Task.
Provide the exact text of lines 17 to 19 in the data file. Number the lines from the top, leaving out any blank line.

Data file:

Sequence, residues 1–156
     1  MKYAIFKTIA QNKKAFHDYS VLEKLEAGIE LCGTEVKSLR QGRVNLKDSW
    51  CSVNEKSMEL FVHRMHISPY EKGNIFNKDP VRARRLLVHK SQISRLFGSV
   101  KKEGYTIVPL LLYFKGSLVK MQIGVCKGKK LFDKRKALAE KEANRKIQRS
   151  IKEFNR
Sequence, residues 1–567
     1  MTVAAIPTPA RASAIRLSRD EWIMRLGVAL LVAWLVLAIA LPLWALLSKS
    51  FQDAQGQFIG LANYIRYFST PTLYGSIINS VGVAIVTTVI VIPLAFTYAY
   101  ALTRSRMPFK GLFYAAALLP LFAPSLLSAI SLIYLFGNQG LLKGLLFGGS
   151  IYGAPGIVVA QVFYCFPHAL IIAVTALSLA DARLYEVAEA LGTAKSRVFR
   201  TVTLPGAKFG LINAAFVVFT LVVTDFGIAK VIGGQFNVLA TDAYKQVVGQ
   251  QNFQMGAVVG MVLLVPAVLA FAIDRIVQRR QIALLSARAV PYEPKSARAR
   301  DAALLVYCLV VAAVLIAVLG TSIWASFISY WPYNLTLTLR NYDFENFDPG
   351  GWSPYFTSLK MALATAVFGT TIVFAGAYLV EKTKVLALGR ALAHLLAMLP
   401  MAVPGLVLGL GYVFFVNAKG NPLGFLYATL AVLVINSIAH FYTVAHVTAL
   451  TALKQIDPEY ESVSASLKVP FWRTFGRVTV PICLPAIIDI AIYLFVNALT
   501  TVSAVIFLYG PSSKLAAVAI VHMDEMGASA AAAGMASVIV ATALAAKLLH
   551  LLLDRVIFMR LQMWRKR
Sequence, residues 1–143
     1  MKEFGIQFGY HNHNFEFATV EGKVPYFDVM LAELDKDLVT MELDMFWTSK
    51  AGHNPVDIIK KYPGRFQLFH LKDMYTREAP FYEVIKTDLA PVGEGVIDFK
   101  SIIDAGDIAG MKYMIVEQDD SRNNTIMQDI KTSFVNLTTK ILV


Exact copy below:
   501  TVSAVIFLYG PSSKLAAVAI VHMDEMGASA AAAGMASVIV ATALAAKLLH
   551  LLLDRVIFMR LQMWRKR
Sequence, residues 1–143